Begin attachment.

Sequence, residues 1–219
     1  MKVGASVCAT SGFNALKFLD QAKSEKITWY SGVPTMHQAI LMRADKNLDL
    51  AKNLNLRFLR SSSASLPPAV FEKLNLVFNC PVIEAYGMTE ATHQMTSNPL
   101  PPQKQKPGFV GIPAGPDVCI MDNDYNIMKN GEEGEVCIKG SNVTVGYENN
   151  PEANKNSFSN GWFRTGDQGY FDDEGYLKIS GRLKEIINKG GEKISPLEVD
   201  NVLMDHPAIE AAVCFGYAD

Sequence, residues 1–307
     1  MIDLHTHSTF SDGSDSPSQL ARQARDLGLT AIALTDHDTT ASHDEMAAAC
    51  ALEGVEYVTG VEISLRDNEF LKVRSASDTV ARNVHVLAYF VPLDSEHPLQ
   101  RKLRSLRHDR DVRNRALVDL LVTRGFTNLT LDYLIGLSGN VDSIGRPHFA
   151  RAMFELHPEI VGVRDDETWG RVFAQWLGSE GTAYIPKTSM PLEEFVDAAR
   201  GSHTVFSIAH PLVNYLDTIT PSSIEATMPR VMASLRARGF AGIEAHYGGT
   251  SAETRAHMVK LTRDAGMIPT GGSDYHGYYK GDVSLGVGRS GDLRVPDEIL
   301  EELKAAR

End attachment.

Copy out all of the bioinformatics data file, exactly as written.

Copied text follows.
Sequence, residues 1–219
     1  MKVGASVCAT SGFNALKFLD QAKSEKITWY SGVPTMHQAI LMRADKNLDL
    51  AKNLNLRFLR SSSASLPPAV FEKLNLVFNC PVIEAYGMTE ATHQMTSNPL
   101  PPQKQKPGFV GIPAGPDVCI MDNDYNIMKN GEEGEVCIKG SNVTVGYENN
   151  PEANKNSFSN GWFRTGDQGY FDDEGYLKIS GRLKEIINKG GEKISPLEVD
   201  NVLMDHPAIE AAVCFGYAD

Sequence, residues 1–307
     1  MIDLHTHSTF SDGSDSPSQL ARQARDLGLT AIALTDHDTT ASHDEMAAAC
    51  ALEGVEYVTG VEISLRDNEF LKVRSASDTV ARNVHVLAYF VPLDSEHPLQ
   101  RKLRSLRHDR DVRNRALVDL LVTRGFTNLT LDYLIGLSGN VDSIGRPHFA
   151  RAMFELHPEI VGVRDDETWG RVFAQWLGSE GTAYIPKTSM PLEEFVDAAR
   201  GSHTVFSIAH PLVNYLDTIT PSSIEATMPR VMASLRARGF AGIEAHYGGT
   251  SAETRAHMVK LTRDAGMIPT GGSDYHGYYK GDVSLGVGRS GDLRVPDEIL
   301  EELKAAR